1USDA-ARS Appalachian Fruit Research Station, 2217 Wiltshire Rd., Kearneysville, WV 25430, U.S.A.; 2Unité Mixte de Recherches, Génomique dévelopment du Pouvoir pathogène, INRA-Université Bordeaux Segalen/Bordeaux, BP 81, 33883 Villenave d'Ornon, France
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Accepted 5 April 2005.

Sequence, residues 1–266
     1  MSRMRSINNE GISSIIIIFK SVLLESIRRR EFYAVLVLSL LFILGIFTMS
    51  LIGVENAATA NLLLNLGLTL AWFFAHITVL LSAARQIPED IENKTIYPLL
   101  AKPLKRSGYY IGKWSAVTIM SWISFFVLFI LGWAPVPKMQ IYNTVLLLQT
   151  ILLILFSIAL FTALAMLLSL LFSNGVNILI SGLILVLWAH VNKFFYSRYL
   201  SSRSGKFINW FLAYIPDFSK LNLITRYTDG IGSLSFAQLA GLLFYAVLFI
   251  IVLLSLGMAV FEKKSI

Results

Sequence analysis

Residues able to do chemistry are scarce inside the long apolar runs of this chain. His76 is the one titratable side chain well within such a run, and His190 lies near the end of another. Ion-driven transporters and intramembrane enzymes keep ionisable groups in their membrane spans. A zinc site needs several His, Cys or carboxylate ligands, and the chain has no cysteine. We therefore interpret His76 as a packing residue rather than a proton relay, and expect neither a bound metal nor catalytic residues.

We investigated the hallmarks of posttranscription gene silencing (PTGS) in mature plants, embryos, and seedlings of the transgenic plum trees (Prunus sp.) that are resistant to Plum pox virus (PPV). We previously demonstrated that the transgene insert and resistance to PPV were mutually inherited in progeny of line C5. We show here that C5 constitutively produces a short (22 nt) and a long (25 to 26 nt) speciesshort interfering (si)RNA from embryo to mature plant in the absence of PPV inoculation. Unlike siRNA, methylation and transcription of the PPV-coat protein transgene were ‘o;re-set’ following seed germination. Uninoculated transgenic susceptible clones did not display DNA methylation, nor did they produce detectable levels of siRNA. Upon infection, susceptible clones, transgenic or untransformed, did produce siRNA but only the short 22-nt species. These findings show that plum trees respond to virus infection by initiating PTGS-like mechanisms that involve the production of siRNA. We further suggest that high-level virus resistance in transgenic Prunus species requires the production of the long-size class of siRNA. The research adds new insights into PTGS silencing in woody perennial plant species.